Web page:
|Publication number||US4931921 A|
|Application number||US 07/358,330|
|Publication date||5 Jun 1990|
|Filing date||30 May 1989|
|Priority date||30 May 1989|
|Publication number||07358330, 358330, US 4931921 A, US 4931921A, US-A-4931921, US4931921 A, US4931921A|
|Inventors||Dale R. Anderson|
|Original Assignee||Motorola, Inc.|
|Export Citation||BiBTeX, EndNote, RefMan|
|Patent Citations (5), Non-Patent Citations (4), Referenced by (64), Classifications (8), Legal Events (6)|
|External Links: USPTO, USPTO Assignment, Espacenet|
This invention relates to single transistor frequency multiplier circuits. More specifically, this invention relates to single-transistor frequency doublers.
A frequency doubler is a circuit that produces an output signal, (usually a sinusoidal but also possibly including square waves, sawtooth waves, etc.) at twice the frequency of an input signal. Input signal is suppressed from the output.
Ideally, a frequency doubler can double any input frequency, fin, but in reality has a bandwidth defined as the difference between the range of permissible input frequencies, i.e., f0 -f1 divided by f1, (where f1 is the highest input frequency that the doubler can accept and f0 is the lowest frequency the doubler accepts). For a range of input frequencies fin =f0 to f1, as f1 gets larger, it eventually equals the value of 2f0, the doubled, lower input frequency f0. Input signals (fin) in the range beyond f0 -f1 cannot be doubled by the circuit because the circuit cannot double f0 to produce 2f0 signals, yet suppress from the output, f1 input signals nearly equal to 2f0.
The mathematical limit of the bandwidth of a frequency doubler is fifty percent. For example, a frequency doubler capable of accepting an input frequency between 100 and 150 MHz that produces an output frequency between 200 and 300 MHz, has a bandwidth of 33%. A frequency doubler with an input frequency between 100 and 200 MHz and an output frequency of 200 to 400 MHz has a bandwidth of 50% where 2f0 equals f1. In reality because of physical limitations of circuit components, prior art single transistor doublers typically have bandwidths around fifteen percent.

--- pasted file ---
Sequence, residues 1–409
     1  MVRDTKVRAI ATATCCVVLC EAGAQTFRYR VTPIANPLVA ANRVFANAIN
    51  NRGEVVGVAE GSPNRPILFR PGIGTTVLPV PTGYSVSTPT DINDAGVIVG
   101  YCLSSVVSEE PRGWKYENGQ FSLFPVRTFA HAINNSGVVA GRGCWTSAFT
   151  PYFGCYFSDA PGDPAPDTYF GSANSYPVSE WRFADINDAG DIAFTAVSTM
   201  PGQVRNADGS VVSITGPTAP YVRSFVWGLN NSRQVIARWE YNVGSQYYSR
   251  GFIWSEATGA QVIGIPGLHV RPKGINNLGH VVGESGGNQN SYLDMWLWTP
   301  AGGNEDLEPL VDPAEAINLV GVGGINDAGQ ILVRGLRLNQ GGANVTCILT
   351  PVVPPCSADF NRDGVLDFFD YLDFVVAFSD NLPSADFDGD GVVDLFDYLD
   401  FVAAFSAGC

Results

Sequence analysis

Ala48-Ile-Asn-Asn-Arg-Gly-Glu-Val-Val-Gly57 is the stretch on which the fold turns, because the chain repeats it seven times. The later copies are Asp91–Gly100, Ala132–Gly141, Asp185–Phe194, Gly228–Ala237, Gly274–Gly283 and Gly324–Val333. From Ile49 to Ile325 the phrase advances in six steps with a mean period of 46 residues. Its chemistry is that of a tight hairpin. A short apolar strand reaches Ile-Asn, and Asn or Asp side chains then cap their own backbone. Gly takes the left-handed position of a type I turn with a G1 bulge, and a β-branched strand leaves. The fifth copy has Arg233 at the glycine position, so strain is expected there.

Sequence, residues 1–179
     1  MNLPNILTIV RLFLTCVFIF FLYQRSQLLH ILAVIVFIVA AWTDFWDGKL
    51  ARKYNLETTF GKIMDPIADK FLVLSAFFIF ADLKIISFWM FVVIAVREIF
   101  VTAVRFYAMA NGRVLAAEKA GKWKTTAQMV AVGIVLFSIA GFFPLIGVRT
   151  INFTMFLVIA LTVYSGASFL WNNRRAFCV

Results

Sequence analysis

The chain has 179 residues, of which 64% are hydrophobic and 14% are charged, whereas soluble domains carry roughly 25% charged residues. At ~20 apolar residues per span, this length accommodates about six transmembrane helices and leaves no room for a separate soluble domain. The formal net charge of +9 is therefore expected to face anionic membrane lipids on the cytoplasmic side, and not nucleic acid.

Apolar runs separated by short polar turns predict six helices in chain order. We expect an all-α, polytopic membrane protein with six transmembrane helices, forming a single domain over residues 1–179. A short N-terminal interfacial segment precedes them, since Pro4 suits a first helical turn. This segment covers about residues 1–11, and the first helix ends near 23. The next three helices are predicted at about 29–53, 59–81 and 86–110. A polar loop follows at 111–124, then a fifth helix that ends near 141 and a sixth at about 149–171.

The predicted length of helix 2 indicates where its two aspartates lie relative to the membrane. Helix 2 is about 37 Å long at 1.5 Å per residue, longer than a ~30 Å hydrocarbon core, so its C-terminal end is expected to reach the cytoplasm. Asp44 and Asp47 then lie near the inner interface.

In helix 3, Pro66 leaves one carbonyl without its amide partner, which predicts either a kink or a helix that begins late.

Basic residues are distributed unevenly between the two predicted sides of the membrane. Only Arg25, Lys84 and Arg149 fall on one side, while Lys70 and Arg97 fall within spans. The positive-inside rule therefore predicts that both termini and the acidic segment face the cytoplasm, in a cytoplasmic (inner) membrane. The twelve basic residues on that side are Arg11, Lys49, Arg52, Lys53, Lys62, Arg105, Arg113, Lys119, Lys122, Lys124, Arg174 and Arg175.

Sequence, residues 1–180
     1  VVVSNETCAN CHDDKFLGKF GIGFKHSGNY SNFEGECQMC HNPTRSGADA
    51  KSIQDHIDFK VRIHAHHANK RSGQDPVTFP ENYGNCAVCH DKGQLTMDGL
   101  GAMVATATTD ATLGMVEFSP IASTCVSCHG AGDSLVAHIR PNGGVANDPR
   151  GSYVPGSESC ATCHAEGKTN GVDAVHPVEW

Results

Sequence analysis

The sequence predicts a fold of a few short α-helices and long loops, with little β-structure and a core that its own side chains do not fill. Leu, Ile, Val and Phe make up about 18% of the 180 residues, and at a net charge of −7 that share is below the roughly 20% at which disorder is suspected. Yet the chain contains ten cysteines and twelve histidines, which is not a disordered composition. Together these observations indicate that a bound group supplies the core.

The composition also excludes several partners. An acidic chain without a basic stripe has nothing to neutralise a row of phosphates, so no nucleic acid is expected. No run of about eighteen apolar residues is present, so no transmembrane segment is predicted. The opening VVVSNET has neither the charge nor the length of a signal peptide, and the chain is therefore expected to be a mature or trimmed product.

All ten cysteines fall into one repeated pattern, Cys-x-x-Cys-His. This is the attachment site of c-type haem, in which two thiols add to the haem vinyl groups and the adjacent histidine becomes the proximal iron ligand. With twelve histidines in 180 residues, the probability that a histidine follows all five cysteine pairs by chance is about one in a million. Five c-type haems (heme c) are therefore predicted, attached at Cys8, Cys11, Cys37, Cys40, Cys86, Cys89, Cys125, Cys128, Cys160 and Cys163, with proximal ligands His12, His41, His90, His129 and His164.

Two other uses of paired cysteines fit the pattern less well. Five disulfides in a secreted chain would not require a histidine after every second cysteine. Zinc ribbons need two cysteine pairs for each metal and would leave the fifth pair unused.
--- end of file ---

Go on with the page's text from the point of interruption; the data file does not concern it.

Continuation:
Prior art single transistor doublers typically have narrow bandwidths because of the characteristics of traps and filters used to suppress undesired frequencies at the output of the doubler. A single transistor frequency doubler typically consists of a base circuit trap resonant at 2fin and a combination of collector circuit traps and filters designed to suppress fin signal yet pass 2fin signals. To suppress fin signals from the output prior art traps and filters substantially limit the bandwidth of frequency doublers.
Increasing the bandwidth of a frequency doubler can usually be had only at the expense of additional transistor stages or additional passive circuitry in the base or collector circuits adding to parts count and signal losses and also increasing the complexity of the circuit. A frequency doubler having a wider bandwidth without substantially increasing the parts count would improve the performance and reduce the cost of a radio requiring these types of circuits.
There is herein provided a frequency multiplier circuit having a relatively wide bandwidth using a single transistor with an elliptical filter. The elliptical filter, well known to those skilled in the art, is designed to have a low input impedance at the fundamental frequency of an input signal (fin) while having a relatively high input impedance at the pass band range of the circuit (2fin). The driving signal and the DC bias of the transistor are chosen to permit operation of the transistor in its non-linear region whereby harmonics are produced in the collector current. Using the elliptical filter with a single transistor permits the frequency doubler to have badwidths in excess of 35% with relatively constant output power across the entire operating frequency range of the circuit.
FIG. 1 shows a schematic diagram of the frequency doubler of the present invention.
FIG. 2 shows a plot of the input impedance of the elliptical filter used in the circuit of FIG. 1 over a frequency range of operation expected in a doubler.
In FIG. 1 there is shown a wide band frequency doubler (10) comprised of a signal generator (20) coupled to a single transistor amplifier stage (30) by means of a capacitor (35). The collector circuit of the amplifier (30) is coupled to an elliptical filter (40) which is in turn coupled to a load (50) as shown. By appropriate selection of component values in the elliptical filter (40), the circuit of FIG. 1 can provide a broad-band frequency doubler having a bandwidth in excess of 35% with a relatively constant power level across the doubled frequency range at the load resistor RL.